Our “Get Matched” Feature

On Hawaii Wedding Match their is a feature called “Get Matched”…this feature really separates us from other websites because couples can quickly and easily find vendors that meet their personal criteria.

The “Get Matched” function has 5 questions:

  1. Island (ie. Maui, Oahu…etc.)
  2. Services Needed (ie. Photography, Bakery, Florist…etc.)
  3. Theme
  4. Maximum Guest Size
  5. Budget

After these 5 questions are answered you are presented with a list of vendors that match
your
survey answers! This feature cuts down on your research, the vendor interview process and your planing stress.

This feature is very beneficial for couples that want to have a beautiful wedding in Hawaii but think it is too complicated to plan. Hawaii Wedding Match reviews each vendor before they are listed on the website to ensure that we are providing couples with the best wedding vendors. We take out the complication and let you do more relaxing.

Create your free Hawaii Wedding Match profile today so you can start searching for wedding vendors in Hawaii now!

-XO

*If you have any questions, please feel free to email us at info@hawaiiweddingmatch.com

The Name Change Game

Congratulation on your upcoming wedding! Now you are stating to think about whether or not to change your name. If this had been 50 years ago you wouldn’t even of had this concern because not changing your name really wasn’t an option; but in today’s day and age things are a little more complicated. Many women are choosing to get married later in life and they have a career to take into consideration and others feel that their name is part of their identity, so they are pushing back on the notion of taking their new husband’s name.

No matter what path you take in the name change game (whether it be a full last name change, hyphenated last name or keeping your maiden name) we SUPPORT you 100%. Many couples overlook the fact that even after the wedding you need to have address labels made so that you can send out ‘Thank You” cards and for all future cards you send out together. Based on your name decision (& our research) this is how you should present yourself as a couple:

Traditionally the man’s name would come first.
If the woman has taken her husband’s last name there are two ways to address:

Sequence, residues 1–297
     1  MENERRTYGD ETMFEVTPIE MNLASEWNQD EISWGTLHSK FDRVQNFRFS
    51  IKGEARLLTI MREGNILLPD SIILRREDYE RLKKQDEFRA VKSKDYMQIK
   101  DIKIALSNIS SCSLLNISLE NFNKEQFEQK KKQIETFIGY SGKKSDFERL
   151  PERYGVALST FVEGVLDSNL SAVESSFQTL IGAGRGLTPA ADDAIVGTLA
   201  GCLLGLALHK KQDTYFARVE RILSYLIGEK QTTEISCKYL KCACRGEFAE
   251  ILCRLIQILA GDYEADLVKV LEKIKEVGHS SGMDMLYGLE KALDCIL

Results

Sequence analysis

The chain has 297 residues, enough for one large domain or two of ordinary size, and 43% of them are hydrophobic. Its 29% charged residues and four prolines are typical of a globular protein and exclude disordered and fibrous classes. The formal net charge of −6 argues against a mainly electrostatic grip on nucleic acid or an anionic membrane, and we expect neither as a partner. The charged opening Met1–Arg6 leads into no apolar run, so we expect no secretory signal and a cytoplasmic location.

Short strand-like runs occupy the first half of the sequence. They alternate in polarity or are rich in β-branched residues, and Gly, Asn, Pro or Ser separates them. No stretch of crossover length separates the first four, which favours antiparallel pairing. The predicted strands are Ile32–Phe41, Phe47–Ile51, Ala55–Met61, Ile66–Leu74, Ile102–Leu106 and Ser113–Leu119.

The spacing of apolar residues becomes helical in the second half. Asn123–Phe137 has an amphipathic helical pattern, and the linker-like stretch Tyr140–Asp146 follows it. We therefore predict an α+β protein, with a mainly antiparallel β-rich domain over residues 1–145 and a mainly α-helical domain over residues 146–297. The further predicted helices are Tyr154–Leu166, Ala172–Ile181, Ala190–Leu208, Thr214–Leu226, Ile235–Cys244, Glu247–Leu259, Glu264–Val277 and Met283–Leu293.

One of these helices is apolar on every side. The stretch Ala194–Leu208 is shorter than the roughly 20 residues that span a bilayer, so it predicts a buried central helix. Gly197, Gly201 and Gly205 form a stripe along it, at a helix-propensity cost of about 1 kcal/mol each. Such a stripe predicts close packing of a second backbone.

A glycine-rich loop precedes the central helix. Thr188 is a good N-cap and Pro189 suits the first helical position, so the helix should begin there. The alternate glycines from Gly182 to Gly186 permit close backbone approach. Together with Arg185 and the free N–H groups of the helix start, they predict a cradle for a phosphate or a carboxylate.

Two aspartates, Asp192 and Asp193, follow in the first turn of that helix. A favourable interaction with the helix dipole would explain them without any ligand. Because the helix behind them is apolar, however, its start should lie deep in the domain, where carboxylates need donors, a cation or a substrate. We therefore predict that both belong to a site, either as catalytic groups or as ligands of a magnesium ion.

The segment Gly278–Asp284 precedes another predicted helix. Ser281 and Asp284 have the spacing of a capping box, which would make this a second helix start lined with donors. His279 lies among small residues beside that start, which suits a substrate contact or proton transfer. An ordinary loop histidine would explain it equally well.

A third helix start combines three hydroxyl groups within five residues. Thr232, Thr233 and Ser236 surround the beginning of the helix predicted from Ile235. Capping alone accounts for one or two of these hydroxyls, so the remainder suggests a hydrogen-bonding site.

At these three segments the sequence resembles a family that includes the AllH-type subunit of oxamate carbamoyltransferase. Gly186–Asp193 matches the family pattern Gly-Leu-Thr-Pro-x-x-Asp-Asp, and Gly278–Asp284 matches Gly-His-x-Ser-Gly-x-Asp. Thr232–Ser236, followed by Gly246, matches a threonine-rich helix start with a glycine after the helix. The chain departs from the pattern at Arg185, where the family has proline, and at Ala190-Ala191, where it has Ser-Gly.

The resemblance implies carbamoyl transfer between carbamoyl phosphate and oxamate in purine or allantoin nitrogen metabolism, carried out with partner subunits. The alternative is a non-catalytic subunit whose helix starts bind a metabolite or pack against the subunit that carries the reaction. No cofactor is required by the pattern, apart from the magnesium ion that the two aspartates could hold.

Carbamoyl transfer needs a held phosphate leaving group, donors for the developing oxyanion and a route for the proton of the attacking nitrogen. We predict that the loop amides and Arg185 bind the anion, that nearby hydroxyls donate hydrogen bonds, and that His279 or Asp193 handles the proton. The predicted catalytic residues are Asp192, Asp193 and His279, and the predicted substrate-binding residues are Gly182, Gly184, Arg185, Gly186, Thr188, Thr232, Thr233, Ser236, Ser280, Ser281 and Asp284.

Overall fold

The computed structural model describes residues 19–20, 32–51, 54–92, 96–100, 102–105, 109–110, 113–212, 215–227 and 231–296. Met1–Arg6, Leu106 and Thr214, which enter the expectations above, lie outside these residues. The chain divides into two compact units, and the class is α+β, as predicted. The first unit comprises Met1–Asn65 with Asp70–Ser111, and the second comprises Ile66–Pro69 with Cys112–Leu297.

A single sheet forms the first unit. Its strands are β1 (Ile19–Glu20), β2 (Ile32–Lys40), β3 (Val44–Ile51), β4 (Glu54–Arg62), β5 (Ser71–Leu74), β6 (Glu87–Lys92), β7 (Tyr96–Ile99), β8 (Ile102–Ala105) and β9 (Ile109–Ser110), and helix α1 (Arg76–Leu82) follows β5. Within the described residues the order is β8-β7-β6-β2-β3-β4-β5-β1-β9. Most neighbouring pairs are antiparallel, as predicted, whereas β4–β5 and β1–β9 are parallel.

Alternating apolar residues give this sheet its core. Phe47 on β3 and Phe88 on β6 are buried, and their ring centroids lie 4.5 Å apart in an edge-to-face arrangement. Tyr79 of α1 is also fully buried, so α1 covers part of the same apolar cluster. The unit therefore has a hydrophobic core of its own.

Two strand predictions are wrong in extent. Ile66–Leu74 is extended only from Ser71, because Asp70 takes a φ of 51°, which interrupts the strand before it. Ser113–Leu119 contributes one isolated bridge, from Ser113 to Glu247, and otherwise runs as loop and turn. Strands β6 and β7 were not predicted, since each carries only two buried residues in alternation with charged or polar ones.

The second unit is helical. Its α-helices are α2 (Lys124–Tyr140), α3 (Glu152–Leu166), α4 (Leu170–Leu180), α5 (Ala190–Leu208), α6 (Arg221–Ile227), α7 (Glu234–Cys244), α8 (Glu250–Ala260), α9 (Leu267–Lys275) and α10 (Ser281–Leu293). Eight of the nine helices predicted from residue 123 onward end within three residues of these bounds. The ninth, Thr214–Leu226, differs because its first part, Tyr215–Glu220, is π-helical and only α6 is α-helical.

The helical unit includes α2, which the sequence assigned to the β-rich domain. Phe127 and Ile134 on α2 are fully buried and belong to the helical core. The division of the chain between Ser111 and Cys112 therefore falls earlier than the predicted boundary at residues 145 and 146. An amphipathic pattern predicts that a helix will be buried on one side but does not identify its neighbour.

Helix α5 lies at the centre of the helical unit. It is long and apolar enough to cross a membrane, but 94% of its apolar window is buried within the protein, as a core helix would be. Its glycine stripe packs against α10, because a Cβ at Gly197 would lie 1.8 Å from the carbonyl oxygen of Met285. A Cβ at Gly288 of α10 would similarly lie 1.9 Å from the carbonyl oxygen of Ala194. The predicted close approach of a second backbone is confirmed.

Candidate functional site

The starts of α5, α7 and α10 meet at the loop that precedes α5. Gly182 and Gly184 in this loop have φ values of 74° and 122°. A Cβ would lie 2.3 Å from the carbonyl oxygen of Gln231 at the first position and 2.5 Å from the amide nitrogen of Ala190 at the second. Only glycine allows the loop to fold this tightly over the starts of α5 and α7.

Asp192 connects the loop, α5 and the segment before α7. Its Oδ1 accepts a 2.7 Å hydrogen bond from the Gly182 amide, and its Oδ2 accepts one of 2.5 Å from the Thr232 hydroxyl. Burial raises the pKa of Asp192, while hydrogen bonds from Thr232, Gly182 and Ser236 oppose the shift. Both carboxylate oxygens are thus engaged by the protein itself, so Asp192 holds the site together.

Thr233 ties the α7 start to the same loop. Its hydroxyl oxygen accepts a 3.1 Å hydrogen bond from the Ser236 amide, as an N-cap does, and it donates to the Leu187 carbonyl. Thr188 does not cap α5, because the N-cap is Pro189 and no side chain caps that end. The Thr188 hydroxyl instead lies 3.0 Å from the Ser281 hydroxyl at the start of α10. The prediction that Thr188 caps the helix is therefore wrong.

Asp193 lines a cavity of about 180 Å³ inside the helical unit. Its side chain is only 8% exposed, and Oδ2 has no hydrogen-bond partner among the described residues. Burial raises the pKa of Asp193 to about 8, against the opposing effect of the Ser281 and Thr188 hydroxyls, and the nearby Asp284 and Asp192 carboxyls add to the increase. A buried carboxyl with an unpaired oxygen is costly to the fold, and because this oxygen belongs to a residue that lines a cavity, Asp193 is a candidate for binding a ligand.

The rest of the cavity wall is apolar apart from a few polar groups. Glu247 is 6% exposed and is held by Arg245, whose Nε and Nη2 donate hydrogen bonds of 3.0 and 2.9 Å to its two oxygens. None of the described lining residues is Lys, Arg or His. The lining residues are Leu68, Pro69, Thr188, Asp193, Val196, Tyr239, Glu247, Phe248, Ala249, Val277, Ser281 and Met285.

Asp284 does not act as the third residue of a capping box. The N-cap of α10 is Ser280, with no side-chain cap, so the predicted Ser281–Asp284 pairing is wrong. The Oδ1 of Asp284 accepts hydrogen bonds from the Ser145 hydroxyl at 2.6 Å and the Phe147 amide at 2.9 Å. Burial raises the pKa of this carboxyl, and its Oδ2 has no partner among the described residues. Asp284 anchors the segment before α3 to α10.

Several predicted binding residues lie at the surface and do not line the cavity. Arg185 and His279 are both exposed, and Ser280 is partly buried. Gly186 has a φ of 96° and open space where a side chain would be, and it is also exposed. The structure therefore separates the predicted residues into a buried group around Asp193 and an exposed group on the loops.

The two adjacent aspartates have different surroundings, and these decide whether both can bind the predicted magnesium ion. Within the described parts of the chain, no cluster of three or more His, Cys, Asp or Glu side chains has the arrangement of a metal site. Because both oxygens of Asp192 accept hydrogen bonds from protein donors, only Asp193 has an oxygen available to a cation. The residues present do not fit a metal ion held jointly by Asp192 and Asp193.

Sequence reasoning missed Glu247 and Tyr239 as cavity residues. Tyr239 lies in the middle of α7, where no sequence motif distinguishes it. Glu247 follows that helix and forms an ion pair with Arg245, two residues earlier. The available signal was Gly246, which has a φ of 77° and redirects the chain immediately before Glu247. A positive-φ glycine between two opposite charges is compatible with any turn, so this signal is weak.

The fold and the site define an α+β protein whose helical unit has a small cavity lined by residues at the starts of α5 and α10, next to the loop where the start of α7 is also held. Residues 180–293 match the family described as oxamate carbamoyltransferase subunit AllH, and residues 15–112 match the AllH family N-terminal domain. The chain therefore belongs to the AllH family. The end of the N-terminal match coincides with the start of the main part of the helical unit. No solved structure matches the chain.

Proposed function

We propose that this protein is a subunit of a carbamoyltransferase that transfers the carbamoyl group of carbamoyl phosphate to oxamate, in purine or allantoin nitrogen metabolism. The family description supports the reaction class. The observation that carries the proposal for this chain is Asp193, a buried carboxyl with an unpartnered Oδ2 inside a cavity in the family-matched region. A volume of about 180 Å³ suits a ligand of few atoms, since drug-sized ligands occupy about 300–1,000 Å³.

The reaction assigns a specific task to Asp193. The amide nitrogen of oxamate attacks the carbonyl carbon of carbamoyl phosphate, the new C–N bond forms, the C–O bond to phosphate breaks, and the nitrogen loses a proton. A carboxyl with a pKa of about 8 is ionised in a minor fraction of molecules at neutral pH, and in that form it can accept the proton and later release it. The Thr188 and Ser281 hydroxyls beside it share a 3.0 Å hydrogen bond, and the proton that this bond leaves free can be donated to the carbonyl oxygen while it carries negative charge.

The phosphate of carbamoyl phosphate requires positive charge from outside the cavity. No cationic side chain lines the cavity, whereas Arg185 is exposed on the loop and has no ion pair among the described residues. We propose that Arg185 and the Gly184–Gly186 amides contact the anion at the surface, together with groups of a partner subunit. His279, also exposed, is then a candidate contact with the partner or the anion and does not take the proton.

Mr. & Mrs. John Doe
Mr. John Doe and Jane Doe.
If one is professional then it could be:
Dr. & Mrs. John Doe
Mr. John & Dr. Jane Doe
If the woman has combined his name with hers the couple would be addressed as:
Mr. John Doe & Mrs. Jane Smith-Doe.
If the woman has kept her own name:
Mr. John Doe & Mrs. Jane Smith.

But keep in mind these are only options, feel free to be creative and let your uniqueness as a couple shine!

XO

 

Research:

  • http://www.kiplinger.com/columns/starting/archive/5-choices-for-changing-your-name-after-marriage.html
  • http://wiki.answers.com/Q/After_you_are_married_whose_name_comes_first_the_man_or_woman#ixzz1uyepFpzL
  • http://wedding.theknot.com/wedding-planning/wedding-invitations/articles/wedding-invitations-etiquette.aspx
  • http://wedding.theknot.com/wedding-planning/planning-a-wedding/articles/name-change-101.aspx

Getting Married BEFORE Your Wedding

Okay so there seems to be a trend in the wedding industry with couples getting married before their actual wedding. Some couples are deciding that they want to share their vows with one another before the day of their wedding.

Planning a wedding can be stressful and I can defiantly see why couples might want to alleviate some of the stress by already being married. If you are already married you don’t have the added stress of making sure the ceremony goes off without a hitch. At that point, you can just let the stress of a screaming child at your ceremony just roll right off your shoulders, right? Also, many young couples are strapped for cash and really just care about sharing their love with one another…but their families might be pressuring them to have a big fancy wedding. Well if your family wants to pay for a big wedding but it isn’t a priority for you, go ahead and get married and then the big family wedding will be more fun for you both!

I have a friend that was planning her elaborate wedding with both families but soon realized that things were becoming very materialistic. Her and her fiance decided to go on a hike one beautiful morning with a friend (that just so happened to also be an officiant). When they reached the top of the trail that looked out onto the lush green landscape of rolling hills they realized that this is where they wanted to be married. Everything just felt right. They shared their vows together then! As they were hiking back to their car they passed a gentleman and couldn’t resist telling them what they had just done. This gentleman just so happened to be a painter and wanted to paint them a picture of the view that day from where they exchanged vows. They shared contact information and a couple weeks later received a beautiful painting in the mail…never underestimate the kindness of strangers.

Getting hitched before your wedding does have its downfall though…your family isn’t there to see you officially become married. The signing of the marriage certificate might be an exciting event for your mom and not doing this with her present might make her feel a little blue.

In the end though isn’t it the fact that you are happily married what matters. Whatever your path to “happily married” is, we hope that you are smiling the whole way…